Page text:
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Haemorrhage; classifications, Signs, and First Aid Management


It is the excessive discharge or escape of blood from broken blood vessels, caused by pathological condition of the vessels or by traumatic rupture of one or more vessels. In haemorrhage of any extent, there is also likely to be shock present and in this condition there is a lowered blood pressure.

Causes of haemorrhage

  • Direct injury to the blood vessel wall.
  • Disease of the blood vessel wall.
  • Disease of the blood itself e.g. haemophilia.

Classification of Haemorrhage

Haemorrhage can be classified as follows

  • According to the time it occurred – Primary, Reactionary and Secondary.
  • According to the source – Vein, Artery, Capillary. 
  • According to the situation – Internal and External.

A. According to the time

Primary Haemorrhage

This occurs at the time of the injury or operation site or when the blood vessel has been damaged by disease.

Reactionary Haemorrhage

During haemorrhage, nature employs three agencies, to prevent serious loss of blood as follows;

  • The blood pressure is lowered therefore there is diminished flow of blood to the part.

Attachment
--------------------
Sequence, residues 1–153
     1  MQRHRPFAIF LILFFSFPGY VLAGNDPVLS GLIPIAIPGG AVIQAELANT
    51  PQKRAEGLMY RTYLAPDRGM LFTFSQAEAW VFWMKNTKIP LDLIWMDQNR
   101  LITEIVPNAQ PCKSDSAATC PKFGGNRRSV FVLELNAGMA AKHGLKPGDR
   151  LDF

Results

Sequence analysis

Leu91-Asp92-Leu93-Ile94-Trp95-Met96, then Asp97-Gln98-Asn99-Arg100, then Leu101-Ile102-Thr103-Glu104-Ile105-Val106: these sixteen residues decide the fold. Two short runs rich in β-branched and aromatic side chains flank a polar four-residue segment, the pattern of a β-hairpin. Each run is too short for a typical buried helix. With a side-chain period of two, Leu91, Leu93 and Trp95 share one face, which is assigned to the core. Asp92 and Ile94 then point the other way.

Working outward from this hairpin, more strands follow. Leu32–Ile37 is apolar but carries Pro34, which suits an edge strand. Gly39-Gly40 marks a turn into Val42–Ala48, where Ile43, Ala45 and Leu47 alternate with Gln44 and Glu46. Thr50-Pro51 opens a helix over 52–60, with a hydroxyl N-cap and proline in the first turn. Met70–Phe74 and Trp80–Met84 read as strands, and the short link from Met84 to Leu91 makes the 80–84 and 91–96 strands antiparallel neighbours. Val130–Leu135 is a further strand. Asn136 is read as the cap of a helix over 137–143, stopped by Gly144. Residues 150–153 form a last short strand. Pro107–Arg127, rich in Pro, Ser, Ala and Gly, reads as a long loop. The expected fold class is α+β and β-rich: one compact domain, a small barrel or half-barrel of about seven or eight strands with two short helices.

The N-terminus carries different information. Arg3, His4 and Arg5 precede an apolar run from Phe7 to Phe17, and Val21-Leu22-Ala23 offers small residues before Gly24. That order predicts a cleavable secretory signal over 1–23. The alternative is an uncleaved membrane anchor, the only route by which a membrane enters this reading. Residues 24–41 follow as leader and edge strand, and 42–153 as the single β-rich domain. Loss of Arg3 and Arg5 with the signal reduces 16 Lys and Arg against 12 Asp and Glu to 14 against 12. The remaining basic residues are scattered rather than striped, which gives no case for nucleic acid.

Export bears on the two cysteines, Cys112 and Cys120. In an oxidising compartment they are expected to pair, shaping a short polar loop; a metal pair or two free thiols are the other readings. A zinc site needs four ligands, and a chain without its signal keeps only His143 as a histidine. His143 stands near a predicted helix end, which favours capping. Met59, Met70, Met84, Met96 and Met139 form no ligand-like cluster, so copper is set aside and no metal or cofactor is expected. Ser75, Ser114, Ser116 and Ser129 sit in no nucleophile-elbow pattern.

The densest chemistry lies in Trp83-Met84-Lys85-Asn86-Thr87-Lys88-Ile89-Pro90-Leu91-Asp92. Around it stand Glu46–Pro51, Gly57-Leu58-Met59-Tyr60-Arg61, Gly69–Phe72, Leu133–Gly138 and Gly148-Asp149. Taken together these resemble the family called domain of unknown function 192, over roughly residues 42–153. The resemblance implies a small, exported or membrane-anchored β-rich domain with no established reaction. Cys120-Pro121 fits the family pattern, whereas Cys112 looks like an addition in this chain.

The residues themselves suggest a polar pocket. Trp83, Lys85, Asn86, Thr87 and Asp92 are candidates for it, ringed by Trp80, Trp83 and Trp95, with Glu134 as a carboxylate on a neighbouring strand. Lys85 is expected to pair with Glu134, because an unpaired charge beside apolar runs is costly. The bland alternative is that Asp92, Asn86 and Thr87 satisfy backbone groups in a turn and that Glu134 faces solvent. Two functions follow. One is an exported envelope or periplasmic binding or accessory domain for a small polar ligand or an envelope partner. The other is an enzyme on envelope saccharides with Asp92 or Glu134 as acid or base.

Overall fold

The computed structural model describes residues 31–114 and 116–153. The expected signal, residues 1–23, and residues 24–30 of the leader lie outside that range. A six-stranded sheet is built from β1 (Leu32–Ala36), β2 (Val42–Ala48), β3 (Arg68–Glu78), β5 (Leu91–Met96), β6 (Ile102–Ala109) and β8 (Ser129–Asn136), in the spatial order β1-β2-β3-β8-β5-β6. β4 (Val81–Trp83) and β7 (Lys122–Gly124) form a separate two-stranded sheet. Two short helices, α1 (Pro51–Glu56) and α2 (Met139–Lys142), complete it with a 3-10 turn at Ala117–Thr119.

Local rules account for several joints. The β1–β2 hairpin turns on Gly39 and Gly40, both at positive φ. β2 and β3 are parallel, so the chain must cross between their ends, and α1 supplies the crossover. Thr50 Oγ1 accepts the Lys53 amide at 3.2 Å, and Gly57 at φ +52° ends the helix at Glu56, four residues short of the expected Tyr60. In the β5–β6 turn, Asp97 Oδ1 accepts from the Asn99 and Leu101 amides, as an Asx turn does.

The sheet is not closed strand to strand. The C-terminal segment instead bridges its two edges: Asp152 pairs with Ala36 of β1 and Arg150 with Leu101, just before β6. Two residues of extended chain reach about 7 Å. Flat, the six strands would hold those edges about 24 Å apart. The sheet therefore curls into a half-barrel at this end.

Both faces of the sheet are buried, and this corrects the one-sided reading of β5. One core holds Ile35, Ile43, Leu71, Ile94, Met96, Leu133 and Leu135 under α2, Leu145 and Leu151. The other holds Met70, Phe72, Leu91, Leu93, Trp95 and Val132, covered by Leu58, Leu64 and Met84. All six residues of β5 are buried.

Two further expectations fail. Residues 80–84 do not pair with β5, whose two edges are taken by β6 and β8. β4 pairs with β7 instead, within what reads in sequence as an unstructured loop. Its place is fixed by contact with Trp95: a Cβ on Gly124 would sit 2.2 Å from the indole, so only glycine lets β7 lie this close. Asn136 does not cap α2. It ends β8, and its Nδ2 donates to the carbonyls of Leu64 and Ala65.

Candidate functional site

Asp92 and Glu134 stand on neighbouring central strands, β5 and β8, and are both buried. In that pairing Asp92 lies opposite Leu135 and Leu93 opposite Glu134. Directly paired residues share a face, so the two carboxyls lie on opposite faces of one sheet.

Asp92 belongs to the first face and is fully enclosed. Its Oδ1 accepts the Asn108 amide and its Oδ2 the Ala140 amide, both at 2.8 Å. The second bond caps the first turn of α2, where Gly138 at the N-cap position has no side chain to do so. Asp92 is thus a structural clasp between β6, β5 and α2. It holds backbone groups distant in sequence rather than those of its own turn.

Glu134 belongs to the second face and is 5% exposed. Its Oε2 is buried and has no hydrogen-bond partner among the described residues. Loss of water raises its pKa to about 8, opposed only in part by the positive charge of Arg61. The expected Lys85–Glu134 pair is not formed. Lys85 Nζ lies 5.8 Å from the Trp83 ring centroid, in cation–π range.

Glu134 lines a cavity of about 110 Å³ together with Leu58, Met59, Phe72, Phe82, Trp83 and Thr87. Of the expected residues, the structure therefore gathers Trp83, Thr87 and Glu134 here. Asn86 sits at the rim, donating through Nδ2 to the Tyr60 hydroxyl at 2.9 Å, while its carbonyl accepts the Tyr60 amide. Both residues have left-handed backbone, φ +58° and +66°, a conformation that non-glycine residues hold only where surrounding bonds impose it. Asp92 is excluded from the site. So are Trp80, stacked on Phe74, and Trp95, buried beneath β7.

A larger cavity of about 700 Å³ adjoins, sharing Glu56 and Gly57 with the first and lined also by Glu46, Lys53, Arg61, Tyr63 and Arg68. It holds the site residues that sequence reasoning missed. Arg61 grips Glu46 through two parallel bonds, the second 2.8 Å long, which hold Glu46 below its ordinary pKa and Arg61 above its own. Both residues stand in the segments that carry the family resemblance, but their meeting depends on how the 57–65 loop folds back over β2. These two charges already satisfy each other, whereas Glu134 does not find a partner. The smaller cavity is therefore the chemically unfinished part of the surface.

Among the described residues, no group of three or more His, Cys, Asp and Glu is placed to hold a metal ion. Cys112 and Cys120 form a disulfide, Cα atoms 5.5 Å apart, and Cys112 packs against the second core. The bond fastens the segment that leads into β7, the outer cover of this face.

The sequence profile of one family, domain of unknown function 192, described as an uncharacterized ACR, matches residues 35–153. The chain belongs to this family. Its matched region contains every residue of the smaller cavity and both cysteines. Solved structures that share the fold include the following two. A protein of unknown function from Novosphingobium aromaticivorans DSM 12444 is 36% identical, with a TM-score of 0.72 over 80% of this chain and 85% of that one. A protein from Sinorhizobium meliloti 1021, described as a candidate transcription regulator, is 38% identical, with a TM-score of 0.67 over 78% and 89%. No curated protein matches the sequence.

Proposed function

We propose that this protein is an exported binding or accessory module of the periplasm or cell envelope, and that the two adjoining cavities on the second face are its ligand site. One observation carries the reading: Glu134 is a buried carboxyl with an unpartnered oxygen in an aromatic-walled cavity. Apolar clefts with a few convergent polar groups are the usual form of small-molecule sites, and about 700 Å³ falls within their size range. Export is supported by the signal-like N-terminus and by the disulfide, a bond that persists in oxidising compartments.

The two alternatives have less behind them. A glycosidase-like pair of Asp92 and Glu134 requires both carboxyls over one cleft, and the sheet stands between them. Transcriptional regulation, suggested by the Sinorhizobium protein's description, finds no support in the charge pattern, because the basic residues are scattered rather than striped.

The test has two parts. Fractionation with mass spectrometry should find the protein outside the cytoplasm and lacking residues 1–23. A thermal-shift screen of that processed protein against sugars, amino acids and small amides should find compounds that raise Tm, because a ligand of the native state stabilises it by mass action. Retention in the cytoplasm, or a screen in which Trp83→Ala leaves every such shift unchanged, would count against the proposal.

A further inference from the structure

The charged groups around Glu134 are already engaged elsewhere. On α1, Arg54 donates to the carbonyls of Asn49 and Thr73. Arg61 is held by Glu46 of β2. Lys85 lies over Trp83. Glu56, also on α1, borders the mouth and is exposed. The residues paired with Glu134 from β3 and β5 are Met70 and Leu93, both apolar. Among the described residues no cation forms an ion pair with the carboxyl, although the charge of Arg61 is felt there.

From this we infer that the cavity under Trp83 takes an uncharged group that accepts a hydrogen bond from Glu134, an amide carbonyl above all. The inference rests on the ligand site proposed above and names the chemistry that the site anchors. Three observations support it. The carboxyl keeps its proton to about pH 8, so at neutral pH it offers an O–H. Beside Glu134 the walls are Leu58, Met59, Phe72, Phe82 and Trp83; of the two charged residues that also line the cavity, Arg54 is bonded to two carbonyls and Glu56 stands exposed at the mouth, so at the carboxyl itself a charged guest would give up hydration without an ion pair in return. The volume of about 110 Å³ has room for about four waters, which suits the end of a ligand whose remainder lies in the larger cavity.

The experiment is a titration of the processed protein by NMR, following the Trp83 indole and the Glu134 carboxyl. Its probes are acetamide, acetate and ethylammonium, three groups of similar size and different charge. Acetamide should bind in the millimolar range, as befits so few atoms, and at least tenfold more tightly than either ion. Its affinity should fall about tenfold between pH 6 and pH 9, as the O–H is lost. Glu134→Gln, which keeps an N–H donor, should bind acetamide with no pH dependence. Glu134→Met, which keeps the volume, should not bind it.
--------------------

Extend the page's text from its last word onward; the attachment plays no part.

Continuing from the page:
• A blood clot forms and 'corks' the blood vessel thus limiting further loss of blood.
  • The blood-vessel walls 'turn in' to hold the clot in position and prevent further loss.

It is important to appreciate that up to twenty-four hours after an injury or operation, bleeding may commence once again. Reactionary haemorrhage occurs when the blood pressure, which was lower than normal, returns to normal and the clot is pushed out. This kind of haemorrhage can be recurring.

Secondary Haemorrhage

This type of haemorrhage seldom occurs, but if it does, it usually happens between seven and ten days after the injury or operation and is due to infection. When micro-organism infects a wound, they break down the clots.This usually takes several days to occur,thus secondary haemorrhage is slow to is extremely dangerous and shows the importance of keeping wounds absolutely clean

B. According to the source

The following are indications that could suggest the source of bleeding;

Arterial bleeding 

  • Blood is bright red in colour due to oxygen-rich blood from the heart.
  • Bleeding may be profuse.
  • Blood will spurt out in time with heartbeat.
  • If a main artery is damaged, it may jet blood several feet high. In this case the volume of circulating blood will fall rapidly.

Venous bleeding 

  • Blood from veins is dark red due to the presence of small amount of oxygen. 
  • It is under less pressure than arterial blood, but vein walls can widen greatly and the blood can "pool" inside it.
  • If a major vein is damaged, blood may gush from it profusely.

Capillary bleeding

Bleeding from capillaries occurs with any wound especially superficial wounds.

  • At first, bleeding may be brisk, but blood loss is usually slight.
  • The colour of the blood may vary somewhat bright red to darker red.
  • Blood generally oozes in small amounts.

C. According to the situation